Pearl Bird 2012
Ramblings of my 1996 Ford Thunderbird ownership during the year 2012...
So I took the car out of storage on March 12th. Thanks to a good hibernation plan and a warmer-than-usual March, the car fired up and drove without a problem. I didn't even have to add air to the tires :-) The best things I can tell you is if you're planning on storing your car for the winter is to do the following:
- Fill up the tank to the top, add fuel stabilizer (Sta-Bil)
- Clean the car inside and out
- Make sure the tire pressure is at least the normal pressure amount
- Take it out for a good long kinda-hard drive to make sure all fluids and everything is up to operating temperature before parking
- Remove the battery and put it on a battery tender / maintainer
- Don't start it until you take it out of storage again
OK, well since there were some projects I didn't get done back in 2011, this year will be the big year hopefully.
Gentex Auto-Dim Compass HomeLink Rearview Mirror Installation
Well I didn't write an installation article on this, but the first mod I did the day after getting Pearl Bird back home was to install an auto-dimming interior rearview mirror. I had done some research over the winter to see what mirrors would fit and what features I wanted.
The main reason I wanted a fancy rearview mirror was for the HomeLink function. I wanted to get rid of the clunky garage door remote that clips to the sun visor. I wanted a cleaner, fatcory look plus, the big opener leaves impressions on the visor... I found out that I needed a wedge mount mirror, and when I went searching I discovered on eBay that the wedge mount mirror type fits a wide variety of different makes and models, it's almost a generic type of mount.
After seeing the price of these mirrors new, I decided to check eBay and specifically used items. Long story short is I won an auction for a used Gentex HomeLink mirror with Compass that came out of a 2006 Nissan Sentra. The model on the back of the mirror states it's a Gentex 313 model. It has the auto-dim feature, the compass, and the HomeLink buttons. Fortunately this particular mirror also came with the wiring pigtail as that makes wiring this a whole lot easier. If I had to buy the wiring harness it would have been around $25. I got the mirror and harness for $85 with free shipping, so that was a significant savings over buying it new.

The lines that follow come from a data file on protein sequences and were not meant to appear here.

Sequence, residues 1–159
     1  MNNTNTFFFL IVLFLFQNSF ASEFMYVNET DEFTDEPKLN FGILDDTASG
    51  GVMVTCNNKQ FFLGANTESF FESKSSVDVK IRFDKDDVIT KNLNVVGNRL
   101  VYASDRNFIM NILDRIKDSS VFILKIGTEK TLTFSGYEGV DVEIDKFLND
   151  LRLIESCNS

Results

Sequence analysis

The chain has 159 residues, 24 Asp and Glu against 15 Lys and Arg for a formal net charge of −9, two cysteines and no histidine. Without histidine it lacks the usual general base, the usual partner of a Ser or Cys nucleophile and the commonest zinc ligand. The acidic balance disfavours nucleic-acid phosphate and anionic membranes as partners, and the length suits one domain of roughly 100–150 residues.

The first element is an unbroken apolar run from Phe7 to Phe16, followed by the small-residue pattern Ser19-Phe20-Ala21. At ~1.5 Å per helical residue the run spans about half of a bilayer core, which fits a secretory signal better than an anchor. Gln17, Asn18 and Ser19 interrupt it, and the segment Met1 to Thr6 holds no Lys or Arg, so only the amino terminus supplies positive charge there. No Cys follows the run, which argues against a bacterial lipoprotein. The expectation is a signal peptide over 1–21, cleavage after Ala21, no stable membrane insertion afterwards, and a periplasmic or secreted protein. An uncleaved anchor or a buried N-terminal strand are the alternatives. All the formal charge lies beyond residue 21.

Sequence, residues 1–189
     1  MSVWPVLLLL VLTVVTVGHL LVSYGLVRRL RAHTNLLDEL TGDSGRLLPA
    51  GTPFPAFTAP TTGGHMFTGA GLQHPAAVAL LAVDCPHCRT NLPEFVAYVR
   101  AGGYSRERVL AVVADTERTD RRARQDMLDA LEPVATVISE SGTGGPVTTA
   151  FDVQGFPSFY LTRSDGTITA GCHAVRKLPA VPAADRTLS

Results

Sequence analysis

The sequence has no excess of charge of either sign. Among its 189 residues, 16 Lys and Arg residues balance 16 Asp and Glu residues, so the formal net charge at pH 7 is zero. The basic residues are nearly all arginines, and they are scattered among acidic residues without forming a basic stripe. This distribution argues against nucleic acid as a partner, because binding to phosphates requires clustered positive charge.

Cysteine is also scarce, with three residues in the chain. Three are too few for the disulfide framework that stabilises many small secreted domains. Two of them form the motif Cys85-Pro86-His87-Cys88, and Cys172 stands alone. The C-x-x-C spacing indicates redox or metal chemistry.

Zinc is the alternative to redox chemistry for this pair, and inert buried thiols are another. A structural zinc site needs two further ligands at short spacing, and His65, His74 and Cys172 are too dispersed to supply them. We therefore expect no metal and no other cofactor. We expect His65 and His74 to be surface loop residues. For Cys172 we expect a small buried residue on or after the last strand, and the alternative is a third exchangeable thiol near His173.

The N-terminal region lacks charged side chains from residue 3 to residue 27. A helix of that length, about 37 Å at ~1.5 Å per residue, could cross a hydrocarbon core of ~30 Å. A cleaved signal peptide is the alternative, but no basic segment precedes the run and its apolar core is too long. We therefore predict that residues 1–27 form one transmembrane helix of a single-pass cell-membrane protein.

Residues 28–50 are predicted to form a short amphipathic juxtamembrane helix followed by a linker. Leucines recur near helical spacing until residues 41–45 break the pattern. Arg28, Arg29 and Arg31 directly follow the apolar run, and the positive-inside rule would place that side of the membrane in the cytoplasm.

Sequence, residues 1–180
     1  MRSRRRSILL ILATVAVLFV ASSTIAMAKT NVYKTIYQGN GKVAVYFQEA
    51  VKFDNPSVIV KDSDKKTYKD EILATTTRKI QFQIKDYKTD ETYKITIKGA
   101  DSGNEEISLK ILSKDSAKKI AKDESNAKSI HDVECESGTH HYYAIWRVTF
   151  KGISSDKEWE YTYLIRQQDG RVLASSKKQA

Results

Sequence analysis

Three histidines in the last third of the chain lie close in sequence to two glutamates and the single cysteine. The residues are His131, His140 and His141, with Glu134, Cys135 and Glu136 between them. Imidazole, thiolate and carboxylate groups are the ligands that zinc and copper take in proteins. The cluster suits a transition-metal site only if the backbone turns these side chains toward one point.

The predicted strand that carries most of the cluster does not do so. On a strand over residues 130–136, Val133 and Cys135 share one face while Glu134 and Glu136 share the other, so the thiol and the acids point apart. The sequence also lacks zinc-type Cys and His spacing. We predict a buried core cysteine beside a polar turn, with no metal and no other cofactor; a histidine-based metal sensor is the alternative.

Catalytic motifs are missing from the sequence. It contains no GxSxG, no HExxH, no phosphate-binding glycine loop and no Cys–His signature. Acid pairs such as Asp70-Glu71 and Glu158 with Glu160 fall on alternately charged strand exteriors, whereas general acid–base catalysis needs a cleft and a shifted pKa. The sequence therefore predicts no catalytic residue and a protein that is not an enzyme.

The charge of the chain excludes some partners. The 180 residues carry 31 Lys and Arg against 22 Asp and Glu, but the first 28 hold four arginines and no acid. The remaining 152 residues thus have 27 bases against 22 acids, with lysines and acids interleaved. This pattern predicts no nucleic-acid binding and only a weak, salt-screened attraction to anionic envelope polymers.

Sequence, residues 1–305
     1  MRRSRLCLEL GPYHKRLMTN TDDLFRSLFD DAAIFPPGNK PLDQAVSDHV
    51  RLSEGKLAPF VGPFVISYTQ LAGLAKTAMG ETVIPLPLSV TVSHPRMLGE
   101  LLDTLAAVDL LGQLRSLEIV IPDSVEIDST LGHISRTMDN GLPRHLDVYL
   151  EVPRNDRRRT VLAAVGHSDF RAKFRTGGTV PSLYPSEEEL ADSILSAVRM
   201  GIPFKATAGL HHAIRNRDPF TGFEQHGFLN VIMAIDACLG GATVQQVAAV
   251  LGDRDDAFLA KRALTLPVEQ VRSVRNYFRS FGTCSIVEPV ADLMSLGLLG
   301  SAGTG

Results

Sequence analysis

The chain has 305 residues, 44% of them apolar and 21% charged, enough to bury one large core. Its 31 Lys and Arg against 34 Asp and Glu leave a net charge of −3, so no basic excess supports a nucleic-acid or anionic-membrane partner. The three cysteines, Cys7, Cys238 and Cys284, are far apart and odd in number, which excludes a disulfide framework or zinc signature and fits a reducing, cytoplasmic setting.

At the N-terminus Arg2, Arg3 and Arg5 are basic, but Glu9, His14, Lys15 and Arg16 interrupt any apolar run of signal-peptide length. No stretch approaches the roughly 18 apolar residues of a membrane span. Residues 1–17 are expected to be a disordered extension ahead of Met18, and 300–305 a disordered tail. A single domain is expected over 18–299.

The installation was pretty straight-forward. There are 3 wires on the wiring pigtail, one ground, one battery (constant) 12V wire, and one switched (accessory) 12V wire. I connected the ground wire to a round crimp connector and grounded it to the visor mount clip where it screws up against the metal above the headliner. Then I tapped the 12V constant wire into the single green wire up above the headliner that powers the visor mirror lights (always on, plus it's already protected by a fuse!). Finally, I ran a single wire down to the fuse box and tapped into one of the switched fuses there, I forget which one exactly. I think the thing I used is called a "tap-a-fuse" or "add-a-fuse" or something like that. It's a small metal clip that goes down and slides into the fuse socket with a spade connector.
Anyway, I was a little nervous at first because I bought this used as-is and didn't know if it would even work. Well great news, it worked. I needed to calibrate the compass, which is super easy, and then I programmed the HomeLink buttons to operate my two garage doors. That was pretty easy too. Anyway, for $85 I'm REALLY happy with this mod. I would definitely recommend it to anyone.
Front License Plate Bracket / Holder Removal
So just days after the successful Gentex mirror installation, I removed my front license plate holder (plastic bracket). I won't bore you with all the details again here because I wrote a how-to article on removing your front license plate holder. It's super easy and you just need a big drill bit and possibly some needle-nose pliers. Check out the license plate bracket removal article here.